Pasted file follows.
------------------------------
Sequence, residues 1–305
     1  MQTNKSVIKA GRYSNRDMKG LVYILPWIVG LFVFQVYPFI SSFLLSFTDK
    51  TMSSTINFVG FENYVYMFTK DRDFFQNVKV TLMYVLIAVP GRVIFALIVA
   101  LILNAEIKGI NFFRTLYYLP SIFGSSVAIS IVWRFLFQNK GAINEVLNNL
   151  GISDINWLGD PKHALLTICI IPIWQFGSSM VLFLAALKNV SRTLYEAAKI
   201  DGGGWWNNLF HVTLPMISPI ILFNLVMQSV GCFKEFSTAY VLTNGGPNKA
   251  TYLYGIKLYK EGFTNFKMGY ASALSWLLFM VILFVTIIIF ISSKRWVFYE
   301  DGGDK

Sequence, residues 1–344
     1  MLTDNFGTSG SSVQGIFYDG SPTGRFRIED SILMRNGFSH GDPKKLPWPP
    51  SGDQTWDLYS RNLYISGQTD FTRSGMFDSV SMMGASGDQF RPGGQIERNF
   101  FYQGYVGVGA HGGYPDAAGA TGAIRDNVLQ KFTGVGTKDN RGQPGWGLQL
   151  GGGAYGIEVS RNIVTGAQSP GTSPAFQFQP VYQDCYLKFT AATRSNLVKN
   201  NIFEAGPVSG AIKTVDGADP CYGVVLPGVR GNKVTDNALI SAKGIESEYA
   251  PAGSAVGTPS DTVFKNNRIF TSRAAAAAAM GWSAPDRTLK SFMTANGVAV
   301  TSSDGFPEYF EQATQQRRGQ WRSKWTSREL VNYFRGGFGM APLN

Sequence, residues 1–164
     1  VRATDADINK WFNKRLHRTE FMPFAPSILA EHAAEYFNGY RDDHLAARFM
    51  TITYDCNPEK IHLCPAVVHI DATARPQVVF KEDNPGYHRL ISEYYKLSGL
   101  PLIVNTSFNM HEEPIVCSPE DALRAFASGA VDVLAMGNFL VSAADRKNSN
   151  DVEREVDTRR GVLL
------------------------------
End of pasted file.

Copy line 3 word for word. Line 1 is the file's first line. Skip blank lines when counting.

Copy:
    51  TMSSTINFVG FENYVYMFTK DRDFFQNVKV TLMYVLIAVP GRVIFALIVA